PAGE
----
THE expression socialization of the college is here used not to indicate a process to be set going at some time in the future, but to denote a development which can be observed in the history of institutions of higher learning and which educational leaders as the conscious guides of evolution may now further, direct, and render consistent with itself. A comparison of the Oxford clerk of the fourteenth century, ascetic, other-worldly, sententious, immersed in scholastic logic, with some of the alert, yet philosophical, public men produced by the English universities of to-day, shows the line that academic evolution has followed during the intervening centuries. On this continent these contrasted types of university man find their analogies in the Harvard man of the middle of the seventeenth century, a clergyman trained by the clergy for the clergy, and the Harvard man of the twentieth century, educated under more democratic and less clerical influences.
The tendency of colleges to change in adapting themselves to changed social conditions is obvious enough. At the same time it is generally admitted that through economic and other changes society is marked by greater and greater complexity. How must we shape the college curriculum, methods, administration, etc., in order that our graduates may prove themselves efficient in the complex social conditions of the present day? This is the problem whose solution we and all interested in the progress of higher education have to discover. To the settlement of this question as it presents itself at this time I wish to offer a slight contribution from the standpoint of the college professor of pedagogy.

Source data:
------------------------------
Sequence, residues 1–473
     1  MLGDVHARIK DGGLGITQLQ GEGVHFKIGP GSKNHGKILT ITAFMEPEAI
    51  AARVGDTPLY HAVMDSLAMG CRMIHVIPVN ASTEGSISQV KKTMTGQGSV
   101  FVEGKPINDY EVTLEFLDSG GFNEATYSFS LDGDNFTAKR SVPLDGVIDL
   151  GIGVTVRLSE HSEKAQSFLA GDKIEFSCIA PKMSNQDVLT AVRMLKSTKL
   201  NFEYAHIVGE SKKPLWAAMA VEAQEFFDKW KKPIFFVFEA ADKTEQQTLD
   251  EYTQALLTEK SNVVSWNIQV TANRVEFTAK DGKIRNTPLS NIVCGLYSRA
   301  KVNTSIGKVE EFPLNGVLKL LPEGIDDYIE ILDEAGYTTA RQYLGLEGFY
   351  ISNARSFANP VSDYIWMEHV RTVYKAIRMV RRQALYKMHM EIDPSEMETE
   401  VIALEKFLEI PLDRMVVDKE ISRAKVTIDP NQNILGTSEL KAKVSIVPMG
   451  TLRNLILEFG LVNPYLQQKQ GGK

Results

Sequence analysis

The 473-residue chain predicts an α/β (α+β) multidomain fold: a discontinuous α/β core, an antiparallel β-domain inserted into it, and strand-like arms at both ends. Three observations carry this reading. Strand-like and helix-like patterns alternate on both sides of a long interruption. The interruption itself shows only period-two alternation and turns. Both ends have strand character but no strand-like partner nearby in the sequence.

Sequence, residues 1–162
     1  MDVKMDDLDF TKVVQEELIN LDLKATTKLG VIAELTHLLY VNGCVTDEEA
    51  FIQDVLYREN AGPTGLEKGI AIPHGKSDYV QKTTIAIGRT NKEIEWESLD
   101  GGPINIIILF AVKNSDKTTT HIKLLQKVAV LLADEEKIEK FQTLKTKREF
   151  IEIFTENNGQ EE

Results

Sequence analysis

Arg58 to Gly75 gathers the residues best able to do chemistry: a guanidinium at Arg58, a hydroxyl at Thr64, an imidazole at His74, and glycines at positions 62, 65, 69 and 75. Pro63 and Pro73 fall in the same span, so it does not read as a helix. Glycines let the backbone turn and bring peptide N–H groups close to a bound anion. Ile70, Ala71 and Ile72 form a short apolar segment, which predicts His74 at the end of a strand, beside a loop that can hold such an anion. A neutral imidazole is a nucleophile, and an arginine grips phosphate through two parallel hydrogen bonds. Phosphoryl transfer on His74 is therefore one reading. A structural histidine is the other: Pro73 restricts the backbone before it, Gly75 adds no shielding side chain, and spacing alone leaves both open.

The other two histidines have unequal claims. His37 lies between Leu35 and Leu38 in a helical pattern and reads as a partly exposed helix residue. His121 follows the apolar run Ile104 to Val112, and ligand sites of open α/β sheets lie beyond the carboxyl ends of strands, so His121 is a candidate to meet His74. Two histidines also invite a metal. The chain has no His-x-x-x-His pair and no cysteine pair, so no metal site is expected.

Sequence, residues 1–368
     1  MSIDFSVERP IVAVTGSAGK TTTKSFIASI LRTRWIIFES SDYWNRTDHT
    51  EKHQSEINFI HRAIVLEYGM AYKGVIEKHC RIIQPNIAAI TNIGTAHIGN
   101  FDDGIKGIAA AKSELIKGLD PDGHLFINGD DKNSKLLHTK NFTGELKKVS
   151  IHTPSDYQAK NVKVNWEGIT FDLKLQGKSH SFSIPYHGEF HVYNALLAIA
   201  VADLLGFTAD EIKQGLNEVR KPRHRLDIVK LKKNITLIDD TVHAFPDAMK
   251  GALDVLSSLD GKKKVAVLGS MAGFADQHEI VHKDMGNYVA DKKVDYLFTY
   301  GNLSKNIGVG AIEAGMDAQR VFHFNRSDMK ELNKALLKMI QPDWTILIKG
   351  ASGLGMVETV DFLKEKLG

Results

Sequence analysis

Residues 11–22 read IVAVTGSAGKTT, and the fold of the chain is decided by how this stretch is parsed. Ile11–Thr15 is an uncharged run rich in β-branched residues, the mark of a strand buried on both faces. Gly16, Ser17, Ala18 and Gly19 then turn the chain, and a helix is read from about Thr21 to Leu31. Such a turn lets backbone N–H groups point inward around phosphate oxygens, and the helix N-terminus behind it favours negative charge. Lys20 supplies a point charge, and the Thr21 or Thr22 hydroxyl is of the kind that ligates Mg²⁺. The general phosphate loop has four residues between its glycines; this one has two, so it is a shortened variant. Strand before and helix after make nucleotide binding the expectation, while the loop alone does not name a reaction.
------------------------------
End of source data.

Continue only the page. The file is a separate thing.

In the first place, for an American college to-adopt at this time the narrow curriculum that two centuries ago introduced the student to professional studies would be a reversion dictated by despair. Fundamental as Latin, Greek and mathematics are to our civilization, our culture, our science, they do not of themselves afford an adequate preparation for life under modern conditions. Helpful as Latin and Greek are to our esthetic appreciation and sense of ethical values, filled with illumination and bristling with suggestions as are the ancient literatures, they could not mean so much for us had our minds not been formed and informed by other studies. Even as a step toward the dif-